Drone operations have grown rapidly in the recent years thanks to the versatility these devices offer – performing diverse range of missions from aerial photography to long distances deliveries. In order to maintain autonomous flight the drone trajectory has to adapt to real time variables like wind, obstacles, vehicle failures, No fly zones, etc. In a worst scenario these conditions can lead to the loss of the vehicle which would mean economic losses and a huge safety risk when flying over populated areas.
Autonomous drone missions normally comprise a series of preprogrammed waypoints which the flight controller tries to follow- until the mission is complete, else the pilot manually cancels the mission. Thus the likelihood of a mission being unsuccessful due to external disturbances increases.
Researchers Javier Losada Pita1, and Félix Orjales Saavedra collaborated with Navantia-UDC Joint Research Unit and the Integrated Group for Engineering Research, University of A Coruña and have developed a trajectory management system capable of adapting to changing flight conditions by gathering data from the surroundings via sensors connected to the companion computer (cameras, Lidars, radars, etc.).
In their paper the team explain the structure and development of a trajectory management system on board an unmanned aerial vehicle (UAV) capable to achieve complex and versatile trajectories that adapt to disturbances during flight. This system is a built-in Python and runs in a companion computer on board the UAV while maintains communication with a ground station over a radio link.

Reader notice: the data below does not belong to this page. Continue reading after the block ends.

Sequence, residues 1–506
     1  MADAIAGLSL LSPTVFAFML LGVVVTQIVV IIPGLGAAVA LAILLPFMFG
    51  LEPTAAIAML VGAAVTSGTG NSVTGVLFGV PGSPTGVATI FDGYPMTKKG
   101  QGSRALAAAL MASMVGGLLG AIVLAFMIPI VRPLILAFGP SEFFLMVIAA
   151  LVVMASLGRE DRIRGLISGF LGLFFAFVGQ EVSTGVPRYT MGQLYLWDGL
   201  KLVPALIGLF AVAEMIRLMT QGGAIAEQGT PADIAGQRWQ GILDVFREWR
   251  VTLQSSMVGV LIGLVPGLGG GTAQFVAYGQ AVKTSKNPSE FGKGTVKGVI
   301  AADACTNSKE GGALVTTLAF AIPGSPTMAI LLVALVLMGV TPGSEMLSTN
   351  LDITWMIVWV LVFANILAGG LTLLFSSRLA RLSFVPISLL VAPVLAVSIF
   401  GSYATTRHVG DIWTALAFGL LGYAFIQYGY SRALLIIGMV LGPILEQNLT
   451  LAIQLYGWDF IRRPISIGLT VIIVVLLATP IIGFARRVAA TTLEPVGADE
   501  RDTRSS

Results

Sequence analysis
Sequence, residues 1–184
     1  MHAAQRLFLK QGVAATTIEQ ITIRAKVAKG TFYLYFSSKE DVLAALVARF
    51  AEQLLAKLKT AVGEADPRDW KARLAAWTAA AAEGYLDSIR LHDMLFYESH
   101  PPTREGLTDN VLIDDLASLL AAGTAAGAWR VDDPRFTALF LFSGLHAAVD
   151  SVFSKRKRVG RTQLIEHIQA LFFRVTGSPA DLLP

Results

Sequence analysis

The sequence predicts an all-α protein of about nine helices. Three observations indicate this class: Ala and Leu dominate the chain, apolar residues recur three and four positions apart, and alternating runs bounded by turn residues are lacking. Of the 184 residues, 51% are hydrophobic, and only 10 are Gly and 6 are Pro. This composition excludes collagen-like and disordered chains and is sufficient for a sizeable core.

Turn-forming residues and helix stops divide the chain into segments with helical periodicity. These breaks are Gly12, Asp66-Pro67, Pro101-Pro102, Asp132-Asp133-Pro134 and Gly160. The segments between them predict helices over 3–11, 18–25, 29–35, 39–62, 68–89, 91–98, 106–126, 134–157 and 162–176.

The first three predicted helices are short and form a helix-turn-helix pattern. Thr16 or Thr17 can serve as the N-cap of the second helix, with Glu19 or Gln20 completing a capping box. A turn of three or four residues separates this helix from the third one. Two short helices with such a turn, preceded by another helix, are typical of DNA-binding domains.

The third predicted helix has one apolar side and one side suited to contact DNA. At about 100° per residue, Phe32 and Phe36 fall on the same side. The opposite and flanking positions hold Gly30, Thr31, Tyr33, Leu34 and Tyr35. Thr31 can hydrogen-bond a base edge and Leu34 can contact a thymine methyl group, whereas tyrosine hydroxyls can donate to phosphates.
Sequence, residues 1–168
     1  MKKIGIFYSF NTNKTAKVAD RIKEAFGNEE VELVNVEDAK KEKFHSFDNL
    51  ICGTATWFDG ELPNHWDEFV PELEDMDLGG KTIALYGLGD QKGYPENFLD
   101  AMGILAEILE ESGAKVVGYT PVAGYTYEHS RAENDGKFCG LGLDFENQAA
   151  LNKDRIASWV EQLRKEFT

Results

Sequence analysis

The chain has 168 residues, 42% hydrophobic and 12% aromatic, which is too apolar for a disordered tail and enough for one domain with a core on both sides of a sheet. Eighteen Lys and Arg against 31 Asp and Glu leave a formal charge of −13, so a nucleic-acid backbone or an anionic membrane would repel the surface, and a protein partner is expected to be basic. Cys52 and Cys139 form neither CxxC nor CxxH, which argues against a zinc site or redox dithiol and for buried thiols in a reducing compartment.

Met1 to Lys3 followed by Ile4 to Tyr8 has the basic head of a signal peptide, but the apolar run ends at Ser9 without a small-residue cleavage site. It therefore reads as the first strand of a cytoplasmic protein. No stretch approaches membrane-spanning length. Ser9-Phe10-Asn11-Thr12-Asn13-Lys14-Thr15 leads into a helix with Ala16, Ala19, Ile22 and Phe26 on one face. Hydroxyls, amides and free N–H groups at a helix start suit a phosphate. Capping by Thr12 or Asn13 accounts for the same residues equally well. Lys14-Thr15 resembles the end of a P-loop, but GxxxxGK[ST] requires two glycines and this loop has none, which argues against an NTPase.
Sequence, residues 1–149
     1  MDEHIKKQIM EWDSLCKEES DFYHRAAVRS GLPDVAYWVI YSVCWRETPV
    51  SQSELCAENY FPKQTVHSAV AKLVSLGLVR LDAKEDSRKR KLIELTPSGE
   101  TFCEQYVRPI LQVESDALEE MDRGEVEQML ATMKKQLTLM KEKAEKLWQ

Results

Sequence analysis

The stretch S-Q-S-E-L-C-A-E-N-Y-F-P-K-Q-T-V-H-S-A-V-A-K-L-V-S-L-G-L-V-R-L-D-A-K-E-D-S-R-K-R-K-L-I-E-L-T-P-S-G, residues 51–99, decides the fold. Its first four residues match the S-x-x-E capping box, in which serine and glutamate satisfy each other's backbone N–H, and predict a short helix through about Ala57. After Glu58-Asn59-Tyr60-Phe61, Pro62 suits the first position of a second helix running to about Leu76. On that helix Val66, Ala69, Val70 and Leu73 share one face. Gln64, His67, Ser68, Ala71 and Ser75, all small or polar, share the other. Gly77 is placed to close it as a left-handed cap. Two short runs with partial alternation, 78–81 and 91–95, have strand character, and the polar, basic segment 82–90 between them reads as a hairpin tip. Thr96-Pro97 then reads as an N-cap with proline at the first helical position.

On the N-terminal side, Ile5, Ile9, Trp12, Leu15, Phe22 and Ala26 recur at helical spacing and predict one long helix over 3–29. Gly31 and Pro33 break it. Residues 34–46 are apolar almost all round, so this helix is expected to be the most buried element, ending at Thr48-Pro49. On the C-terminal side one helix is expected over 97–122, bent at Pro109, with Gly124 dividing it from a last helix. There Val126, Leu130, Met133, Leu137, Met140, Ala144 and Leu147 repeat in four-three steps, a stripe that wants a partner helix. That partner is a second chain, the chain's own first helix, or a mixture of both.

Using a companion computer on board the UAV allows receiving and sending data to the flight controller. The vehicle flight controller uses Ardupilot as firmware, which can communicate with a computer using Mavlink protocol. For this task Mavlink messages are sent and received with Dronekit API for Python, over a serial port (USB-TTY) connected to the flight controller.
This allows access to all telemetry data and can command the vehicle by modifying attitude attributes as target position or velocity. The team created an UDP port to send the telemetry data to a mission control software (Mission Planner, QGroundControl, etc.) and a SSH port to have a remote terminal with the companion computer. These ports communicate with the ground station through a radio gateway connected with computers, UAV and ground, over Ethernet.
During testing, the team programmed an example trajectory in a constant altitude, performed in a simulation by modifying vehicle’s velocity in real time. The companion computer got control of the vehicle when flying and performs the maneuver until RTL mode was activated (Return To Launch position).
The system is designed such that it allows receiving data from either external sensors or the built-in sensors of the flight controller (IMU, barometer, etc,) and then modifies behavior in real time so the vehicle can adapt to possible surrounding disruptions. In this way this trajectory management system opens multiple possibilities to design an UAV capable of adapting to the surrounding conditions in real time and be able to add as many sensors as required for the application it will perform.
Citattion: UAV Trajectory Management: Ardupilot Based Trajectory Management System, Javier Losada Pita, and Félix Orjales Saavedra, University of A Coruña, Spain, Presented at the 2nd XoveTIC Conference, A Coruña, Spain, 5–6 September 2019. Proceedings 2019, 21(1), 8; https://www.mdpi.com/2504-3900/21/1/8
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